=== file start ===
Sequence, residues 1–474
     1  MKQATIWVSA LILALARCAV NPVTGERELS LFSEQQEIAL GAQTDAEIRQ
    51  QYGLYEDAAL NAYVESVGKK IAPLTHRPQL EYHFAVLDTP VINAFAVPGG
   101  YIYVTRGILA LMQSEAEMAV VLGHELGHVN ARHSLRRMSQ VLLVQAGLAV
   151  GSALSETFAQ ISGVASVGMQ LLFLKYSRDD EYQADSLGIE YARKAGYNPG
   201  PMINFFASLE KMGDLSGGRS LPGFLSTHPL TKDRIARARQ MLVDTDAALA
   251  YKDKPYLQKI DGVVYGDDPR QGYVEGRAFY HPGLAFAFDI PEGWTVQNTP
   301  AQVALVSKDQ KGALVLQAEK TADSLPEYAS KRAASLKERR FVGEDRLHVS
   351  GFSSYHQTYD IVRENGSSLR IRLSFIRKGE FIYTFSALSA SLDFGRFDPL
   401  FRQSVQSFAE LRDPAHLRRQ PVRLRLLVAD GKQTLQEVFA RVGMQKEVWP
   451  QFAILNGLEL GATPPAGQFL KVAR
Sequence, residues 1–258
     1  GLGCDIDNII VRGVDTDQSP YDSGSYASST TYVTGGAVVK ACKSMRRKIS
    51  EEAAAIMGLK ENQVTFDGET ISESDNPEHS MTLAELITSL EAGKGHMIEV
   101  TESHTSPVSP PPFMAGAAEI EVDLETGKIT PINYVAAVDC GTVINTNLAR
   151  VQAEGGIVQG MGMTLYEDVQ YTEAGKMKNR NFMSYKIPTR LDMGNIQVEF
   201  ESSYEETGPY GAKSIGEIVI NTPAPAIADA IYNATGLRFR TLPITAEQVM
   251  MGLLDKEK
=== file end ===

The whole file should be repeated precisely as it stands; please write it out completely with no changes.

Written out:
Sequence, residues 1–474
     1  MKQATIWVSA LILALARCAV NPVTGERELS LFSEQQEIAL GAQTDAEIRQ
    51  QYGLYEDAAL NAYVESVGKK IAPLTHRPQL EYHFAVLDTP VINAFAVPGG
   101  YIYVTRGILA LMQSEAEMAV VLGHELGHVN ARHSLRRMSQ VLLVQAGLAV
   151  GSALSETFAQ ISGVASVGMQ LLFLKYSRDD EYQADSLGIE YARKAGYNPG
   201  PMINFFASLE KMGDLSGGRS LPGFLSTHPL TKDRIARARQ MLVDTDAALA
   251  YKDKPYLQKI DGVVYGDDPR QGYVEGRAFY HPGLAFAFDI PEGWTVQNTP
   301  AQVALVSKDQ KGALVLQAEK TADSLPEYAS KRAASLKERR FVGEDRLHVS
   351  GFSSYHQTYD IVRENGSSLR IRLSFIRKGE FIYTFSALSA SLDFGRFDPL
   401  FRQSVQSFAE LRDPAHLRRQ PVRLRLLVAD GKQTLQEVFA RVGMQKEVWP
   451  QFAILNGLEL GATPPAGQFL KVAR
Sequence, residues 1–258
     1  GLGCDIDNII VRGVDTDQSP YDSGSYASST TYVTGGAVVK ACKSMRRKIS
    51  EEAAAIMGLK ENQVTFDGET ISESDNPEHS MTLAELITSL EAGKGHMIEV
   101  TESHTSPVSP PPFMAGAAEI EVDLETGKIT PINYVAAVDC GTVINTNLAR
   151  VQAEGGIVQG MGMTLYEDVQ YTEAGKMKNR NFMSYKIPTR LDMGNIQVEF
   201  ESSYEETGPY GAKSIGEIVI NTPAPAIADA IYNATGLRFR TLPITAEQVM
   251  MGLLDKEK